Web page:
also point you in the right direction for an alternative fuel model, if you decide to motor into the next decade in style. As mind-boggling as even these few options are to consider, other fuel alternatives are out there, albeit in a much smaller proportion. Cars running on ethanol, biodiesel, natural gas, propane, and even hydrogen are available to reduce America’s dependence on imported oil. While they certainly increase our national independence in the realm of fuel economy, several of these choices also produce less pollution than gas or diesel, and the federal government offers tax incentives to consumers purchasing qualifying alternative fuel vehicles. Okay, so it’s not a hovercraft or a teleportation device. Looking around at the technological advances in transportation we have available to us today, it’s easy to get disillusioned about all science has failed to offer in this day and age. “Where’s my robot?” many of us may ask. Still, we may not have jet packs for general consumption, and robots may not yet clean our houses, but don’t feel down about our scientific ingenuity just yet. Think of it this way: the first steam-powered engine wasn’t invented until 1769 by Nicolas-Joseph Cugnot, and Henry Ford’s automobiles did not hit the road for sale to the public until 1901. Here we are on the brink of 2010, and we have improved so far on the automobile so as not to require gas at all. Not bad for a century and change.

the first cars in the 1800s were electric, conceived to counter pollution caused by horses. At that time, most houses did not have electricity, so the idea fizzled out and was only recently revived. During the Industrial Revolution, the production and use of fossil fuel-driven cars skyrocketed, along with pollution levels, which continue to climb today.

Technology is a tricky thing. Everyone has their own ideas about what we should be able to do with it, but a relatively small proportion of the population actually has the scientific know-how to pull it off. So while we’re waiting for the brains to come up with the “next big thing”, it’s kind of fun to speculate about what we thought we’d be doing in this new decade of ours, and what realities we actually have to face.

Electric cars, also known as EVs, are powered by an electric motor instead of a gasoline engine. The motor gets its energy from a controller, which regulates the amount of power based on the accelerator pedal. It uses energy stored in its rechargeable batteries, which in turn get energy from household electricity. EV’s produce no tailpipe emissions, reduce oil dependency, and are cheaper to produce than gasoline cars. In addition, EV’s cost only 2 cents per mile to run, and require none of the regular maintenance of a gasoline-powered car, like oil changes, emission checks, and so forth.

Next issue, we’ll look at those trusty robots we all dream about picking up our socks. Wouldn’t it be nice to have your very own Rosie to skitter around behind you and make sure your house was always in-law ready? Believe it or not, we do. Or at least, some of us do. Stay tuned to hear about all the latest in home-improvement technology, or at least laziness-enhancing technology, while we bemoan the lack of C3PO in our daily lives. Hey, a girl can dream, right?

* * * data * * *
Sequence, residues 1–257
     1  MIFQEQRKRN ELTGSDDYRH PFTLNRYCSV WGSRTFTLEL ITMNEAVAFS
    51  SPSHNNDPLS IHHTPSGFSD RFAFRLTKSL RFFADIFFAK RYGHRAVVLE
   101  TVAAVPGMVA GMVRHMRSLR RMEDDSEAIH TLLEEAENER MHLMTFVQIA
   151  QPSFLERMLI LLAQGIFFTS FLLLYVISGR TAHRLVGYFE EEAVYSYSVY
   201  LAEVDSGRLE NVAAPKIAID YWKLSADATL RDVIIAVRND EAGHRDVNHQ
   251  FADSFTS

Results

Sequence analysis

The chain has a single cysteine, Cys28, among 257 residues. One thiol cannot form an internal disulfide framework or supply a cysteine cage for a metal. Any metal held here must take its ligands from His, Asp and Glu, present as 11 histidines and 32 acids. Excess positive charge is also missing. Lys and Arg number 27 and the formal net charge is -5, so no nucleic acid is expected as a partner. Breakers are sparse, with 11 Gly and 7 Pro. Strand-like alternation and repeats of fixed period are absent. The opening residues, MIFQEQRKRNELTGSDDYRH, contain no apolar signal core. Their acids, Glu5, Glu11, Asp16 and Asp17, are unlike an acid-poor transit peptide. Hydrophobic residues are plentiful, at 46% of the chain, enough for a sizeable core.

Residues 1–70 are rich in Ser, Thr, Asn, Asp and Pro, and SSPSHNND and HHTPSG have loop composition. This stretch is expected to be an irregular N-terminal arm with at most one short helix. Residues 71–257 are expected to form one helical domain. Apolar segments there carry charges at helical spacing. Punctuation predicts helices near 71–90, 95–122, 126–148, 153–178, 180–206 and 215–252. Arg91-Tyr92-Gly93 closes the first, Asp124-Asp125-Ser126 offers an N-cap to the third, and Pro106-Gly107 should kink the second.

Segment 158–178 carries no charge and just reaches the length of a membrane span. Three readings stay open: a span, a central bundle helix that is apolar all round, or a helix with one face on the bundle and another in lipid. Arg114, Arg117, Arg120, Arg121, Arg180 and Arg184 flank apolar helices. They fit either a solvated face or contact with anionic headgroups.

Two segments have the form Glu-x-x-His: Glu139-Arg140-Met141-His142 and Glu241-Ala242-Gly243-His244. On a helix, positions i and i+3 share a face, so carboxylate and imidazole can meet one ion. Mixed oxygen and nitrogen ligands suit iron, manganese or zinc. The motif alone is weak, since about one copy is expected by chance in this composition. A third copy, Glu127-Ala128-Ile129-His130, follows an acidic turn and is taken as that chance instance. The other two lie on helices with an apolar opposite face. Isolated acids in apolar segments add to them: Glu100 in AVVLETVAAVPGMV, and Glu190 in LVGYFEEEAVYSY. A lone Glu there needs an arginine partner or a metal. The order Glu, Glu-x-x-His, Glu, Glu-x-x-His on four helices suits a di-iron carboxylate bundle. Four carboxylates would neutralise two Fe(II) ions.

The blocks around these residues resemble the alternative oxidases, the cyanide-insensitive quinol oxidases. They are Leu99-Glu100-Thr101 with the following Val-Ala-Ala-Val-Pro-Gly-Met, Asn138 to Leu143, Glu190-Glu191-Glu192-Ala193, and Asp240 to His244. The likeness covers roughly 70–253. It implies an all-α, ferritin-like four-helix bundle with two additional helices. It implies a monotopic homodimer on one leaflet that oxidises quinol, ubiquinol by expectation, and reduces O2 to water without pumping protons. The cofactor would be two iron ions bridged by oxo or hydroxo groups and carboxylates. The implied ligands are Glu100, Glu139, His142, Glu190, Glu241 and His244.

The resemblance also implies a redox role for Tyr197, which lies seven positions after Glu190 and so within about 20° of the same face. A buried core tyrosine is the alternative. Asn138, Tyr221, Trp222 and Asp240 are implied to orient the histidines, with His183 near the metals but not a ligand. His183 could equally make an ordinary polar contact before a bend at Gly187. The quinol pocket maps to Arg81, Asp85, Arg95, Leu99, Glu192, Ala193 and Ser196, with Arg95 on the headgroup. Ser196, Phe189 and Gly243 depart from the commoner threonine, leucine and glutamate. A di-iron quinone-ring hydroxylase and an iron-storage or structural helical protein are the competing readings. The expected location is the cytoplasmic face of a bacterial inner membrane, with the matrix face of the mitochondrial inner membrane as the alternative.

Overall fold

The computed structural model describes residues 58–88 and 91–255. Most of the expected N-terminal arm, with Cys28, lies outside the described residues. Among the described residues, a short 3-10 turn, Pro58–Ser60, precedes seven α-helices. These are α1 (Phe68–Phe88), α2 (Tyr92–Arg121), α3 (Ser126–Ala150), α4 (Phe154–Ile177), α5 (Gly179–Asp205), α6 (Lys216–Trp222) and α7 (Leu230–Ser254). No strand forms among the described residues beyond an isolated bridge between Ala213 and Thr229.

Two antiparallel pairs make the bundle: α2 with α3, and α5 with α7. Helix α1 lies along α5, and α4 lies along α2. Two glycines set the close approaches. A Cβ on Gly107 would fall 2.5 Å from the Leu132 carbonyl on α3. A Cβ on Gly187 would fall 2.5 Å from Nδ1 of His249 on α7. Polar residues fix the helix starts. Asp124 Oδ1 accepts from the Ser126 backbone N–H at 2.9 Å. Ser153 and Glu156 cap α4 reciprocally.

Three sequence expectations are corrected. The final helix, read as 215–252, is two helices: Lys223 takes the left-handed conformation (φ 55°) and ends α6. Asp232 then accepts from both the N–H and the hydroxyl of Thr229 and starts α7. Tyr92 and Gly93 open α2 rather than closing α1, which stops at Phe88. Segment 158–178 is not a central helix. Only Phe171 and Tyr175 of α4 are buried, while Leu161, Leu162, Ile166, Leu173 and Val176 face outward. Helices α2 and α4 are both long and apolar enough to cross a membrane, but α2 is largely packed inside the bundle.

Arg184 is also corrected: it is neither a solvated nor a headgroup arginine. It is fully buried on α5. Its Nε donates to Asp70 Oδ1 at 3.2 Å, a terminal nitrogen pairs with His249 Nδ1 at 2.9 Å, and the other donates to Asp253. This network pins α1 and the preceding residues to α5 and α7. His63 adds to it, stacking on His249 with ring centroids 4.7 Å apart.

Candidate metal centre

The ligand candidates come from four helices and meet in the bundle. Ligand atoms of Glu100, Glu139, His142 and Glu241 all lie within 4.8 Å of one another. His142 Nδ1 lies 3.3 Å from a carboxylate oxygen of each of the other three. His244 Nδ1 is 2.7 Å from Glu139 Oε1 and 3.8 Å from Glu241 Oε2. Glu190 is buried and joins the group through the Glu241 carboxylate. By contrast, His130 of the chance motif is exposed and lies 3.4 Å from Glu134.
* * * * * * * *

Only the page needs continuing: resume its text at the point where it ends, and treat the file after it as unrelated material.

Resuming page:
What’s not to like? Historically, EV’s have not caught on because they need regular, long recharge times, as well as car companies’ reluctance to make the switch from gas vehicles to electric. With the latest obsession on “going green” and improved battery technology, all that may change. The hybrid vehicle is one option that marries the convenience of fuel with the environmental friendliness and economy of electricity. These hybrid-electric cars combine an electric motor with a power-split device and a generator with the traditional internal combustion engine, so the electric component often acts as a backup, although these cars can be configured in a variety of ways to provide improved fuel economy, increased power or additional auxiliary power for specialized situations. Some of their special features include regenerative braking in which the electric motor applies resistance to the drive train, causing the wheels to slow down while the energy from the wheels turns over the motor, acting, in this case, as an energy generator. The energy normally wasted during braking and coasting is converted into electricity and stored until needed by the electric component. The electric motor also provides additional power to assist the engine in accelerating, passing or hill climbing, which means a smaller, more efficient engine can be used. Hybrid cars eliminate the need for idling, saving valuable energy wasted by running the motor unnecessarily. If you think switching over to a new electric or hybrid fuel vehicle means you will have to cease loyalty to brands you trust or drive a little-known foreign, think again. Popular hybrid and electric models are available from BMW, Ford, Honda, Toyota, Mercendes, and even Dodge and Chevrolet. Chances are your favorite car dealer can


december 2009 AUXILIARY


by Vanity Kills The fictional stories and dramas of Kimmy, the subculture-elitist, fetishfashionista, yet sweetly endearing queen of the goth scene that everyone loves to hate.

Irritated by the uninvited tap on my shoulder, I turned to see who would so rudely drag me back down from the wonders of cloud nine. Of course it was absolutely the last person I would have expected to see… here… tonight. Upon completed rotation, I found myself staring into the murky, soulless eyes of my most favorite person in the world; the hero of adolescent, female tattoo-junkies-in-the-making and the lord and master of pointless body modification… my oh-so-fabulous boyfriend Shayne.